Why the Baftas make better TV than the Oscars

Never mind your Hollywood glitz and glamour, in the battle of the TV awards ceremonies the Brits will always come out on top, says Sarah Doran


Televised awards ceremonies can sometimes be rather long and drab affairs – but when it comes to the biggest nights in the cinematic calendar the powers that be roll out the red carpets with gusto.


You know it’s awards season when Ricky Gervais is hitting the headlines for taking the mick out of Hollywood, the mani-cam’s making its return to E! and Ryan Seacrest is looking just a touch more tanned than he was last time you saw him.

The Golden Globes have been and gone and the Screen Actor’s Guild have handed out their gongs, leaving the Baftas and the Oscars to close the season in style.

Sitting through the Oscars can be a bit of a chore: They’re on at an ungodly hour, there’s rarely a jovial atmosphere and everything seems oh so scripted. The Baftas are scripted too, of course, but there’s something about the beautifully British ceremony that just makes for far better TV.

The Academy Awards aren’t without their merit – even if they’re solely responsible for the surge in sickening copycat Oscar selfies – but there’s something far less charming and just a tad contrived about their attempts to spice up our lives.

Meryl, Lupita and Amy got happy with Pharrell Williams back in 2014 but it was Prince William’s impromptu high five with Tinie Tempah at the Baftas that proved the most memorable.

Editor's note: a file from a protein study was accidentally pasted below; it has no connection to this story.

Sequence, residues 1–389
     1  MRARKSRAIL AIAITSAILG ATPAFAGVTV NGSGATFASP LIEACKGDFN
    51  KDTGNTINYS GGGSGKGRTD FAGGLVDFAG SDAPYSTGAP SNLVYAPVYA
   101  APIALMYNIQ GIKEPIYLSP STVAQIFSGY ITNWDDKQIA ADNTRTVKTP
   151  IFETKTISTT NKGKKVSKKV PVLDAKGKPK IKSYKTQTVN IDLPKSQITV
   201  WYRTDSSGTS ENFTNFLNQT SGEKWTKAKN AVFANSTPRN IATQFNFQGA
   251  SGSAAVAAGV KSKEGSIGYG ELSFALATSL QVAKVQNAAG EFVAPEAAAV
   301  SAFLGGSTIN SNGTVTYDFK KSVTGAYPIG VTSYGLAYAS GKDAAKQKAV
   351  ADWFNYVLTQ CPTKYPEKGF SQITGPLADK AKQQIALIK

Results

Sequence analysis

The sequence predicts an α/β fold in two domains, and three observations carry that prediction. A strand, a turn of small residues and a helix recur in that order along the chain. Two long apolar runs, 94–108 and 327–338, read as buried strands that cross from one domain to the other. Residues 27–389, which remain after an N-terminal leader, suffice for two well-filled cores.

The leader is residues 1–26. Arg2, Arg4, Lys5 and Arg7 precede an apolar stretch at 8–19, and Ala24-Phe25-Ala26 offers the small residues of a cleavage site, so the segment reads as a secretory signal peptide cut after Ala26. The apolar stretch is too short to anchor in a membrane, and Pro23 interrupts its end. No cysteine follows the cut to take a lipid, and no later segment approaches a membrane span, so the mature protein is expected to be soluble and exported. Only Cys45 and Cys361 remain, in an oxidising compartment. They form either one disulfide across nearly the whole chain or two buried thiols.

Only at the Baftas could Emma Thompson get away with running on stage sans shoes and flicking the finger at Stephen Fry.

Only at the Baftas could Anne Hathaway and Sally Field reveal that poor Eddie Redmayne was struggling with the contents of his stomach backstage. Only at the Baftas will a presenter have a pop at themselves while handing out an award.

And only at the Baftas could the host tell the audience to “gird your loins” because one George Clooney just so happened to be among them. 

Speaking of Stephen Fry, his perennial presence gives the ceremony a delightfully familiar edge that even the long-running Academy Awards can’t compete with.

His wit and cynicism sets the tone for a gloriously tongue in cheek ceremony that pulls even the most reluctant international stars out of their respective shells. He has tempted many a bigwig from Tinseltown to blow kisses down the camera.

Bafta is their party and they’ll cry with laughter if they want to. Not even the BBC can resist joining in.

So while it is indeed a joy to marvel at the sight of Jennifer Lawrence falling up a flight of stairs or listen to John Travolta make an absolute mess of Idina Menzel’s name, the Baftas offer up the kind of televisual treat that Hollywood’s heavyweights can only aspire to beat.

They should really just take the lead from Britain’s best and brightest: A Cumberbomb or two certainly wouldn’t go amiss again.


Watch the British Academy Film Awards on BBC1, Sun Feb 14th at 9pm